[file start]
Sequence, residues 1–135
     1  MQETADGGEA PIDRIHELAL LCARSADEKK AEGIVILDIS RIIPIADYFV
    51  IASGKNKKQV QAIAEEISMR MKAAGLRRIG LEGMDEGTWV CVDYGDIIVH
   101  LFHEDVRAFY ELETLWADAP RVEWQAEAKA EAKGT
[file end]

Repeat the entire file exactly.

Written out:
Sequence, residues 1–135
     1  MQETADGGEA PIDRIHELAL LCARSADEKK AEGIVILDIS RIIPIADYFV
    51  IASGKNKKQV QAIAEEISMR MKAAGLRRIG LEGMDEGTWV CVDYGDIIVH
   101  LFHEDVRAFY ELETLWADAP RVEWQAEAKA EAKGT